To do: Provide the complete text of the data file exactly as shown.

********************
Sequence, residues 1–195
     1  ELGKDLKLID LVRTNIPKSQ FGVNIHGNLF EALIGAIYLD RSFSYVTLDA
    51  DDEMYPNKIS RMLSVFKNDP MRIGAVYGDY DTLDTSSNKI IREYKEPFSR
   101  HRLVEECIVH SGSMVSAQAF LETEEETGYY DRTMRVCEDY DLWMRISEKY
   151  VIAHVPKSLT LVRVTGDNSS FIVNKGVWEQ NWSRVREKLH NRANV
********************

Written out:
Sequence, residues 1–195
     1  ELGKDLKLID LVRTNIPKSQ FGVNIHGNLF EALIGAIYLD RSFSYVTLDA
    51  DDEMYPNKIS RMLSVFKNDP MRIGAVYGDY DTLDTSSNKI IREYKEPFSR
   101  HRLVEECIVH SGSMVSAQAF LETEEETGYY DRTMRVCEDY DLWMRISEKY
   151  VIAHVPKSLT LVRVTGDNSS FIVNKGVWEQ NWSRVREKLH NRANV